‘Have you been before?’ I say.
Too late I remember the conversation we had about the ball when we met for the first time, three weeks ago.
‘No,’ he says. ‘Have you?’
‘No – first time.’
His partner claims him.
‘See you later,’ we say, in unison.
The dance is over. I make my way upstairs to the balcony. Romeo – what, it might be his name? – is also there. It’s a good vantage point from which to watch the dancing below. I go over to him.
He reddens. ‘Hello.’
‘How’s Oxford?’ I say.
He’s doing a PhD there.
At present, he tells me, it consists mostly of sunbathing in the parks, and reading in cafes.
‘Nice. Which is your favourite café?’
He gives the name; I don’t remember it. I’m also no nearer remembering his name.
‘Where do you live?’ he says.
I tell him.
‘Has it been sunny there?’
‘Err I think so. To be honest I haven’t really noticed – I’ve been a bit distracted with organising things for tonight!’
Too late I recall that we’ve had several days of blazing sun.
‘Do you know the flat dances?’ I say.
‘No. Do you?’
‘Yes, well, I did them quite a lot at Oxford.’
We survey the scene below; it’s like Strictly Come Dancing Week 1.
‘At least with the waltz, you can kind of make it up as you go along!’ I say with a laugh. ‘And it looks like quite a lot of people are doing that!’
‘Would you like to dance one?’ he says, turning a deeper shade of red.
‘Yes – thank you.’
It’s probably a good thing I don’t have my dance card to hand: ‘Foxtrot: Romeo’ might have had him running for the hills.
Now Romeo has just asked me for a dance. Juliet should at this point keep her trap shut, or turn the conversation towards a neutral subject, though probably not the weather since that doesn’t seem to be her strong point. Instead, after a pause, in which she looks down again at the sea of dancing couples, she says,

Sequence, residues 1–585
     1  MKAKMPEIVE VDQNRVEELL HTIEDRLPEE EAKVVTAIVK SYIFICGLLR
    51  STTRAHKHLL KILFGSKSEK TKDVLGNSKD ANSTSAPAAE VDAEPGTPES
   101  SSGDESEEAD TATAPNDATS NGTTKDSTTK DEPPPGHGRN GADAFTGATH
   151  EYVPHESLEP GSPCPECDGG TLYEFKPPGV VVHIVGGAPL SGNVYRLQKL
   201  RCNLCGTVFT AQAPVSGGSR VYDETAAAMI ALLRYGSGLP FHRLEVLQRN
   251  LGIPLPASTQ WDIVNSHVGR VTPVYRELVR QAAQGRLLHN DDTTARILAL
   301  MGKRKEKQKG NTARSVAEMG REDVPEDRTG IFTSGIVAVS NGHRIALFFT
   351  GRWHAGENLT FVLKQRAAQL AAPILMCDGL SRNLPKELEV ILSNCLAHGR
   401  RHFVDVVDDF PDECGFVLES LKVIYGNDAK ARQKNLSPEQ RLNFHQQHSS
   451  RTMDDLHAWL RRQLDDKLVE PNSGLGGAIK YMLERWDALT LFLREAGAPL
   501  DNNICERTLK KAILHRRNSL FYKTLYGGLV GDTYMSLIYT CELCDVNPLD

‘It doesn’t matter if you don’t know them – as in – by the looks of it – I think lots of people are just freestyling….’
I continue in a similar vein until any scrap of confidence which the poor man might have had in his dancing ability will have been well and truly decimated. Throwing myself off the balcony is looking like a good option, when Romeo turns the conversation towards ball etiquette, and a lively debate ensues. Come the end of the waltz, we go off in search of our partners.
It’s the quickstep. I hover near Romeo’s table, chatting to his host. I see him glance over in my direction, but he doesn’t get up. For the rest of the night, he appears to be joined at the hip to a very pretty girl. From the balcony, I watch them wing the foxtrot. It looks… like fun.
‘Let’s find a taxi.’
The ball is over. Beatrice, Sam and I are discussing the options for getting home. Well, they are; I’m scanning the crowd for Romeo. I’ve already gone out of my way not to say goodbye to him in the foyer, and we’re now in the second phase of Mission: Avoidance Whilst Hoping He Finds Me. I can’t see him. I can see Very Pretty Girl though, and decide to abandon mission.
‘Yeah, I’m in favour of taxi,’ I say with a sigh.
We say our goodbyes to the rest of the party. Sam hails a taxi; it comes to a stop a little way down the street. I feel a tap on my shoulder and turn to see Romeo.
‘Nice to see you again,’ he says, blushing.
I smile. ‘You too.’
I run to catch the others up.